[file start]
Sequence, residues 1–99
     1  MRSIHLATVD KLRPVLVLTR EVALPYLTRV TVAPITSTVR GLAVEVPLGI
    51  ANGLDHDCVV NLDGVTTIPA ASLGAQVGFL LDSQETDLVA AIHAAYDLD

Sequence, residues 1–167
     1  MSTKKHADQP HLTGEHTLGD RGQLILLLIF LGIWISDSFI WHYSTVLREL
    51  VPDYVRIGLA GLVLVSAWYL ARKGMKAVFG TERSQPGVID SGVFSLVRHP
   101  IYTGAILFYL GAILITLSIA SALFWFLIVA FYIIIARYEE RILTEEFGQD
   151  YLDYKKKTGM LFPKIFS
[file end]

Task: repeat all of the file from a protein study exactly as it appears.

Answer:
Sequence, residues 1–99
     1  MRSIHLATVD KLRPVLVLTR EVALPYLTRV TVAPITSTVR GLAVEVPLGI
    51  ANGLDHDCVV NLDGVTTIPA ASLGAQVGFL LDSQETDLVA AIHAAYDLD

Sequence, residues 1–167
     1  MSTKKHADQP HLTGEHTLGD RGQLILLLIF LGIWISDSFI WHYSTVLREL
    51  VPDYVRIGLA GLVLVSAWYL ARKGMKAVFG TERSQPGVID SGVFSLVRHP
   101  IYTGAILFYL GAILITLSIA SALFWFLIVA FYIIIARYEE RILTEEFGQD
   151  YLDYKKKTGM LFPKIFS